Knowing that projection was a major design element, Whiteside allowed the lighting to be driven by the look of the video and also react in response to the music. “We basically have an opera on a large, empty stage, as there is a lot of dance,” he points out. “I often used a large, single source to create large shadows.” An example of this is an image of the title character, Maria, projected on the upstage wall, with low, shin-buster light coming through an opening in the wall. “We got a nice surprise when the light created a beautiful shadow on Maria's face,” Whiteside says. “Sometimes, the best things come if you allow them to.”

Other than the MAC600s, the lighting rig includes primarily tungsten sources, including 2kW Fresnels that Whiteside used for diagonal backlight. “The dance scenes have a very clean look and are evenly lit,” he says. “There is just the backlight and some cross light, with followspots on the principals. When there is a bed or chair on stage, I pick it out with specials.” The MAC units are hung overhead, two of them near the corners of the upstage wall as backlights and the third at mid-stage center.

Whiteside's color palette for the opera was mostly cold white (Lee 201) or open white in the tungsten sources, which seems very warm in comparison. He also uses a strong, fiery red (Lee 019) that came in for the big tango numbers. “The first time we see Maria is a scene in a bar we call “the tango bar of the dead” with a lot of people who have disappeared under the dictatorship,” he explains. “There are a lot of individual dancers in this scene that don't really react to each other. Each is in a small pool of light.”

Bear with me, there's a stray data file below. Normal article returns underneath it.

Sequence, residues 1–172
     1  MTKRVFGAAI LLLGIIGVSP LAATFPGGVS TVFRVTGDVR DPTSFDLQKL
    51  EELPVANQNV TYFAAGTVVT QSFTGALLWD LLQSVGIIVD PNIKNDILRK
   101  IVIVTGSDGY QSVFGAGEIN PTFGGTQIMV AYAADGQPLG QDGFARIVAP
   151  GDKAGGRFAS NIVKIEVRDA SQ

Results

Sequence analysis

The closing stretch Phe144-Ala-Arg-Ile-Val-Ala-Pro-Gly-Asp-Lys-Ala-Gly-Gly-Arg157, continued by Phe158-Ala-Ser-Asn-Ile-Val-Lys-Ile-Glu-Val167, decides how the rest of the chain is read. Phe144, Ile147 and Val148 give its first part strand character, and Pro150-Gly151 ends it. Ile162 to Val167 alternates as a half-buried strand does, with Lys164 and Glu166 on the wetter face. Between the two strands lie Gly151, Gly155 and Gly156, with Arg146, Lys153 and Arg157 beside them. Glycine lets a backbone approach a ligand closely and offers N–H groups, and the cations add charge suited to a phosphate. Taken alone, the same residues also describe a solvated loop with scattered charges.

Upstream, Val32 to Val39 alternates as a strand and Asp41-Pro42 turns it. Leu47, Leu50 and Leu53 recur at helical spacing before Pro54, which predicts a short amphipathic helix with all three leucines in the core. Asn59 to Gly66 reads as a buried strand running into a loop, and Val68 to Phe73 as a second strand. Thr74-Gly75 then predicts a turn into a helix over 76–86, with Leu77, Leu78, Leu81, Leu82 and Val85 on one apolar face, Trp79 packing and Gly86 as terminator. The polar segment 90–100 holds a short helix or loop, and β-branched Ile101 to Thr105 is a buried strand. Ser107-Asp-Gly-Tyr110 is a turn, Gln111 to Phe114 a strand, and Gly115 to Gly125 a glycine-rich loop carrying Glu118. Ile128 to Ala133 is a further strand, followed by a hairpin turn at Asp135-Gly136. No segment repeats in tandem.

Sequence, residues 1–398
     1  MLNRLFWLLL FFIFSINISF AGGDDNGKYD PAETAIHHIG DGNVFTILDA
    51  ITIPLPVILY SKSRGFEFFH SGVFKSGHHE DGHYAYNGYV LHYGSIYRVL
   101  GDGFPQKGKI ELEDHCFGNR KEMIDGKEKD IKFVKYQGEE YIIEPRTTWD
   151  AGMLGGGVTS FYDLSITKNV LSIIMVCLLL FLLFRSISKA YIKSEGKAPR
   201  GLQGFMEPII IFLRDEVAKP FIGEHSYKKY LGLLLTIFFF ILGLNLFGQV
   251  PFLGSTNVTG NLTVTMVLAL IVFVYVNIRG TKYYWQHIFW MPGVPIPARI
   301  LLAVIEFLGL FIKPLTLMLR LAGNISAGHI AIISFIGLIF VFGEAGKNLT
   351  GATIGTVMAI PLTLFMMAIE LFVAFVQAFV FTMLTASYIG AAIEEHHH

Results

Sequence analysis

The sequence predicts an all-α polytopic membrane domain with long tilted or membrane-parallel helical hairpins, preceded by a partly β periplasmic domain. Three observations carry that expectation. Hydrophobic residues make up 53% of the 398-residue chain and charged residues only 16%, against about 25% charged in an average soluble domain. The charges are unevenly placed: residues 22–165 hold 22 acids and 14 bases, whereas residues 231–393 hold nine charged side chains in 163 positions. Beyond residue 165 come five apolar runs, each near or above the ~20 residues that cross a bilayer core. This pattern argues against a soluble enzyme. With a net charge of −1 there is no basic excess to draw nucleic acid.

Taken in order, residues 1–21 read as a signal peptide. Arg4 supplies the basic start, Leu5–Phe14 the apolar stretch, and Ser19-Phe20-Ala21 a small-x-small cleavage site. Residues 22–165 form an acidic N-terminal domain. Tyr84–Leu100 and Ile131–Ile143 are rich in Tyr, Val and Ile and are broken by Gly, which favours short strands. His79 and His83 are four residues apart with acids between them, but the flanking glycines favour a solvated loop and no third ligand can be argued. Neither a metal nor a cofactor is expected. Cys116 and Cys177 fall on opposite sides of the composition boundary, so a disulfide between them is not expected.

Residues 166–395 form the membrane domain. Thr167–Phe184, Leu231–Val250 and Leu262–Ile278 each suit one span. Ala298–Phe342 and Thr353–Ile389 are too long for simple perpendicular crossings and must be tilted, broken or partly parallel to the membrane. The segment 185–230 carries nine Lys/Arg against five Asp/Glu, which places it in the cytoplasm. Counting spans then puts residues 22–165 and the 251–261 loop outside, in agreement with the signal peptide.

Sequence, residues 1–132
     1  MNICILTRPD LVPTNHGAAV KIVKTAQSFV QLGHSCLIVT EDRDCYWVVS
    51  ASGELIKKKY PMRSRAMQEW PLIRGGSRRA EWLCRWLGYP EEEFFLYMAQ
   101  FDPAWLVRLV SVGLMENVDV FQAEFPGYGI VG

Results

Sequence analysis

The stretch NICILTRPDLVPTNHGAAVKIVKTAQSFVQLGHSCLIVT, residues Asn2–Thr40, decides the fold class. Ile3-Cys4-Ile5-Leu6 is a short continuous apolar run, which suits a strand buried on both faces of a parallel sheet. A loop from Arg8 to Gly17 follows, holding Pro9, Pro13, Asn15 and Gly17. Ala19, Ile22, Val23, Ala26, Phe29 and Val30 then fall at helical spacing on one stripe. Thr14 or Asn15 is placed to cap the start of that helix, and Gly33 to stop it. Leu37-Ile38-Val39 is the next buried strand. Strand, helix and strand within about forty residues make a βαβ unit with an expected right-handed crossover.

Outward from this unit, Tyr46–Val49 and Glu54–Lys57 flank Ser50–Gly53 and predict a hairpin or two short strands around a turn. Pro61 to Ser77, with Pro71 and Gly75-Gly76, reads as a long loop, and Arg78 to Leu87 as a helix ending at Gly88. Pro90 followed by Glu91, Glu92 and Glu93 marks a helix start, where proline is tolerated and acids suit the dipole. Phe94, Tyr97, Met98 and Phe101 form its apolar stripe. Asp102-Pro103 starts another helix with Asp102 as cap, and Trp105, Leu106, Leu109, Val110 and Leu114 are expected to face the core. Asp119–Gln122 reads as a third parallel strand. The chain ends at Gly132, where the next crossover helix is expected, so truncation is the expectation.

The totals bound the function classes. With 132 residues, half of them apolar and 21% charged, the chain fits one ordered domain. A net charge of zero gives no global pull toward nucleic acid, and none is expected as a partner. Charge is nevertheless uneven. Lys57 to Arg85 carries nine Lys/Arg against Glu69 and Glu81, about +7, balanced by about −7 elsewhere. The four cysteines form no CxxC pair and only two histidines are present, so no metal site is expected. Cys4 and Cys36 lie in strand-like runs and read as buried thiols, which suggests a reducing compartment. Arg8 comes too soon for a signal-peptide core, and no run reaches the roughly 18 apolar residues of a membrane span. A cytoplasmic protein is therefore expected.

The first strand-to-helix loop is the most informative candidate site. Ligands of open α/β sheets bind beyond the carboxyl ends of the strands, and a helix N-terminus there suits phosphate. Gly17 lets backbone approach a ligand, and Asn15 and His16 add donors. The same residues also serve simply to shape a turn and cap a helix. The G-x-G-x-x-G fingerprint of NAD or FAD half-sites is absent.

“Maria's entrance is the first time we used red in the show,” Whiteside notes. The red comes from a single, 2kW Fresnel, making a strong color statement in contrast to the white light used up to this point. “When Maria first comes in, she is dressed as a nun, so you aren't immediately aware who it is. As she takes off her habit and reveals her red dress, there is a projection of her face with a blood red tear on her cheek. The light paints the floor in red to match her dress and the tear.”

The use of projection also helped with the choice to use white light. “Other colors would combat the natural colors in the projections,” says Whiteside. In the second act, there is a scene where Maria appears as a ghost of herself, with a little pink in the MAC600s to add to the dreamlike quality. “This is absolutely not a moving lights show,” says Whiteside. “They move very subtly a few times to follow movement in the set, but basically, you do not see them move.”

The final scene in the opera has a look of its own, with the singers speaking directly to the audience. “It is almost Brechtian,” says Whiteside, who used strong white backlight as well as front light to separate the last scene from the look of the rest of the opera. “They are telling you the story of grandmothers who are looking for their grand-daughters who were taken away by the old regime and have not come home. This scene was added on,” Whiteside adds. “It was not in the original opera. The original story was different, more surreal.”

The combination of dance and opera lighting resulted from the designer's initial reaction to the set. “It is an open canvas and very clean,” says Whiteside. “I also wanted to keep the lighting clean. The chorus tells the story though dance with cross light, and there are followspots to pull focus to the principals who tell the story though speech. The style seemed right for the piece.”